So, last Friday, I sent TANO off to first readers. Then, I put the draft into a paperback template so I could get a paper copy and start proofing. Doubling up on revision and proofing would mean every proofing copy I read (at least two, maybe three paper copies) would be a little different as revision would be ongoing. This is not ideal, but I thought it would be faster.
But no! I already have comments back from three readers, each noting a handful of small things to address, one or a few medium things, but (alas) two biggish things. Not super big, but I have to come up with a better justification for two plot elements. As I say, alas!
So revision first, then redo the template, THEN proofing.
But in the meantime, I’ve made decent progress with –>
Okay, so right now I have four versions of No Foreign Sky open simultaneously. Having contemplated this mess, I have decided upon a basic approach.
The original version (the longest) doesn’t have the smooth plotting of the final version, but it has more worldbuilding. Too much? Not sure. It also doesn’t have the neat secondary relationship that appeared in later versions.
The second version has smoother plotting, but other things may not be as smooth, sigh.
The third version may be the best overall, but the fourth version has some better stuff in it, especially at the paragraph level.
So right now, I am reading through versions C and D side by side. I read a bit of C, then the same bit of D, adding to and modifying C as I go.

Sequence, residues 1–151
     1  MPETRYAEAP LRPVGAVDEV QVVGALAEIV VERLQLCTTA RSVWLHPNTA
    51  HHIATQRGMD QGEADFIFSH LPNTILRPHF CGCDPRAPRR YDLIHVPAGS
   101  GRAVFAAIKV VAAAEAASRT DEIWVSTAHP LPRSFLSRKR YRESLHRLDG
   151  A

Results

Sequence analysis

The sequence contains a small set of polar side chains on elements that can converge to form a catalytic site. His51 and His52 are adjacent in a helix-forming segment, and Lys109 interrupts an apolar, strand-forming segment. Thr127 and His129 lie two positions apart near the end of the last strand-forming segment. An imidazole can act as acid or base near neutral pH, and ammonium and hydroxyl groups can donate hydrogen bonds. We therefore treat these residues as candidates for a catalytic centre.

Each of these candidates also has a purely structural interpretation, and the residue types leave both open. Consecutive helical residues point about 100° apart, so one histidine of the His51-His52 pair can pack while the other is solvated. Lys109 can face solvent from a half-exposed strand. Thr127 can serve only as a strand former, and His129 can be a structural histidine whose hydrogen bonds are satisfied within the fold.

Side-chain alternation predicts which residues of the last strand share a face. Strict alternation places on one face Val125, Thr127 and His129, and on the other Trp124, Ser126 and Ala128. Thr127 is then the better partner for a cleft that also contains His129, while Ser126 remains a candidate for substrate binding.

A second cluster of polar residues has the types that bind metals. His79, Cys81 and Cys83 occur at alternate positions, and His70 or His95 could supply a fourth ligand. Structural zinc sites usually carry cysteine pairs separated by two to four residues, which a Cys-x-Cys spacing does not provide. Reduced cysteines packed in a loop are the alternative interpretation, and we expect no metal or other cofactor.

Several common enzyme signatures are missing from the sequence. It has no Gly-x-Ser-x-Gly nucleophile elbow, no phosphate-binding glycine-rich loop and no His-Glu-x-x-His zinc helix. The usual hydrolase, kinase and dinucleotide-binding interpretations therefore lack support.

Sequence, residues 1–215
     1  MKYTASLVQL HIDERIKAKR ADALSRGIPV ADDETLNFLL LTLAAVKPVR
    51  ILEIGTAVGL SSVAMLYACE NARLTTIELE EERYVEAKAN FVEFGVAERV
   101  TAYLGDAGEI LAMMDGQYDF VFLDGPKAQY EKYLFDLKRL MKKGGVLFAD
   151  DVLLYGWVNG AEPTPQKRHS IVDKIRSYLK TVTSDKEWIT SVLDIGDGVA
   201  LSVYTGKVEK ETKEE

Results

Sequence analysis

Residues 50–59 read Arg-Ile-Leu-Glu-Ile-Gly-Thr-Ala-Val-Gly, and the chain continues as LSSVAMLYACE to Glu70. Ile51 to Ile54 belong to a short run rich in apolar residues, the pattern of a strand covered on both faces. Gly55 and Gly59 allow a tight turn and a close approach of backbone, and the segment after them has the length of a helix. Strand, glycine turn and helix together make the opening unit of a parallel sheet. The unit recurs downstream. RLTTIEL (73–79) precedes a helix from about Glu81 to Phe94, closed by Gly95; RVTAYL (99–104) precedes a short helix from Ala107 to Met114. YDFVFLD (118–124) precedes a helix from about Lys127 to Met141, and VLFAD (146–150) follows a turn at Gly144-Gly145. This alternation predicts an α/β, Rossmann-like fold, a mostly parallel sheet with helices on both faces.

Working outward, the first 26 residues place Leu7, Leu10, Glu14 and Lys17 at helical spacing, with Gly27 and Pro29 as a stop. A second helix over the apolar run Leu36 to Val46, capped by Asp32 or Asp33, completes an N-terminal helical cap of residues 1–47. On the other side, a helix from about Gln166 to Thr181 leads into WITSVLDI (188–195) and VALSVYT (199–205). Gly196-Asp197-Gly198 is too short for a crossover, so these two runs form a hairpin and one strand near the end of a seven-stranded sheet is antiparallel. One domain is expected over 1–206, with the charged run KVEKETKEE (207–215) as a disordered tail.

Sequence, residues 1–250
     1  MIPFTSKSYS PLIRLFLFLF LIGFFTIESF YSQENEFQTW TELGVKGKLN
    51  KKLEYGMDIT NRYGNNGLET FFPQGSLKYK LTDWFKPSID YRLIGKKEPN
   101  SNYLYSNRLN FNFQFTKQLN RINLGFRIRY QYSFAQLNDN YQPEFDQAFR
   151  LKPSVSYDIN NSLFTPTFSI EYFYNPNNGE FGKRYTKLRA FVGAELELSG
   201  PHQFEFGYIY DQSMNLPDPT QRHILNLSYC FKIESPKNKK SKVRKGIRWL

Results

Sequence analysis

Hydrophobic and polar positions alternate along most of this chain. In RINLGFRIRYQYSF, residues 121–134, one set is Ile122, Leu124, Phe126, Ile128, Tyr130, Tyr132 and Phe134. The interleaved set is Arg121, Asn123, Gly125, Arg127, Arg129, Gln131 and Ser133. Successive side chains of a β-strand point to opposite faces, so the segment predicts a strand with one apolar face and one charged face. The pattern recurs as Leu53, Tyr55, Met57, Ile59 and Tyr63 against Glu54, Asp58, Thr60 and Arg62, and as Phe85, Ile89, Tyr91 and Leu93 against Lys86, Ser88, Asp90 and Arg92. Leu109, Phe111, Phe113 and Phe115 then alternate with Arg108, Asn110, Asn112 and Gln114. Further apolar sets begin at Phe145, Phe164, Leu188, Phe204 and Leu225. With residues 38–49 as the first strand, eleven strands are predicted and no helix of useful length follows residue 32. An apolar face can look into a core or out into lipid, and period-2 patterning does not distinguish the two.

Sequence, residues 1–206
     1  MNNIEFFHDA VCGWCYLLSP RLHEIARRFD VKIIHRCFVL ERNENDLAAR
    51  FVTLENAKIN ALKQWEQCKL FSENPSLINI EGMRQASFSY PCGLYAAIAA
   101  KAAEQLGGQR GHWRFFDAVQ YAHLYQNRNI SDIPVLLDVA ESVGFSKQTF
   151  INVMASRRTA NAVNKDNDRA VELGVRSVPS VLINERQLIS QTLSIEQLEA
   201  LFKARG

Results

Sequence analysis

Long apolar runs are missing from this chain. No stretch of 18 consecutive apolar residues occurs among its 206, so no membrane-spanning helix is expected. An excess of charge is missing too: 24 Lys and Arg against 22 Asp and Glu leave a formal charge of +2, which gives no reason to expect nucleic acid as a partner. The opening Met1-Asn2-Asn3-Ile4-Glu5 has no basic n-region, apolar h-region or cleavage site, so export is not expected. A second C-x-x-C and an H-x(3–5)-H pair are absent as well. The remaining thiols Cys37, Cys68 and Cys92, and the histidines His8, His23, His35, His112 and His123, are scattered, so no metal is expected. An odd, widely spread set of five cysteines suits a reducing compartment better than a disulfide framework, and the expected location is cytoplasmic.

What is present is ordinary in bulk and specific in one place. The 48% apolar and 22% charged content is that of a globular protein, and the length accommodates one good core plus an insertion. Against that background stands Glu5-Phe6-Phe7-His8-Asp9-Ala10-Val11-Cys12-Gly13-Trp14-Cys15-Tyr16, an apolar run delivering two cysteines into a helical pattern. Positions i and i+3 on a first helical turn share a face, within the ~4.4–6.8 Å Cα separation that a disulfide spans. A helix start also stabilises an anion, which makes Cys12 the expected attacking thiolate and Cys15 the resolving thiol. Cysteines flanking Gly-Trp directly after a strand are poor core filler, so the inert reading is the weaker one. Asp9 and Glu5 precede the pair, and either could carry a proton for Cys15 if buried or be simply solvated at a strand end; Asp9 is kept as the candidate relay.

Wow, is this tedious. But I’m almost finished.
Then I will ditch D, open B, and again skim through B and C together and tweak C.
Then the same with A and C.
Deciding which versions have things I want for the final draft and then making sure everything’s in one version and that version flows smoothly from front to back … sheesh. Did I say tedious? Because this is SO TEDIOUS. No wonder I put this off so long.
I’ll do the Tano revision before going past the C and D comparison,c and wow am I looking forward to that. Much lower degree of tedium there.
I finally bit another bullet for No Foreign Sky, however, and ordered a cover. An illustrated original cover. Ouch, that’s the expensive way to get a cover. But I would like the cover to show a turun, and I said very specifically, “This has to look like a real animal, this cannot look cartoonish in any way.” The cover artist said no problem, so we’ll see!
Oh, you don’t know what the turun look like. Well, they look like troll-centaurs with four arms as well as four legs, very large and intimidating. Think really big Clydesdale-sized centaur, only bigger and not that horselike. No fur. No tail. Four arms. Tusks, too. We’ll see what the artist does with that! I haven’t suggested any other cover elements because that’s the important element right there.
Do you think it’s important if the cover shows an action scene, or is a static scene just as good? Vote, please. There is an action scene that might be okay, but on the other hand it might be something of a spoiler. I’m inclined to make it a bridge scene rather than an action scene. But maybe that’s not a great decision?